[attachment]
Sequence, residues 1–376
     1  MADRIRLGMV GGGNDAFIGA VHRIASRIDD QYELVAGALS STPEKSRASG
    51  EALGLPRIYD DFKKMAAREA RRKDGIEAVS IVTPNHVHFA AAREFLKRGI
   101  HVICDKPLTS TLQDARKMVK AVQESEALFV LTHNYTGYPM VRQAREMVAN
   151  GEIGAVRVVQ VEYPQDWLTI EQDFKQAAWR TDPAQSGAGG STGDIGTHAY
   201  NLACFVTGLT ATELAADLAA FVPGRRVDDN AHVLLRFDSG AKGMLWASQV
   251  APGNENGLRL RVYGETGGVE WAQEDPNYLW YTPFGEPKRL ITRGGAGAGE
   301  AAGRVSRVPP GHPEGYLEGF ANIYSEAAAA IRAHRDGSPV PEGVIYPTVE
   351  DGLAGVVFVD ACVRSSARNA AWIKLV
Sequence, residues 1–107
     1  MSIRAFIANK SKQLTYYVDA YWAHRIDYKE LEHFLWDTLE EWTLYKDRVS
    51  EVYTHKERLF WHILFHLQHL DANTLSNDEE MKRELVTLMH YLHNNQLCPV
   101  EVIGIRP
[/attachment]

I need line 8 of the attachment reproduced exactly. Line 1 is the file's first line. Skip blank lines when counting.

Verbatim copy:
   301  AAGRVSRVPP GHPEGYLEGF ANIYSEAAAA IRAHRDGSPV PEGVIYPTVE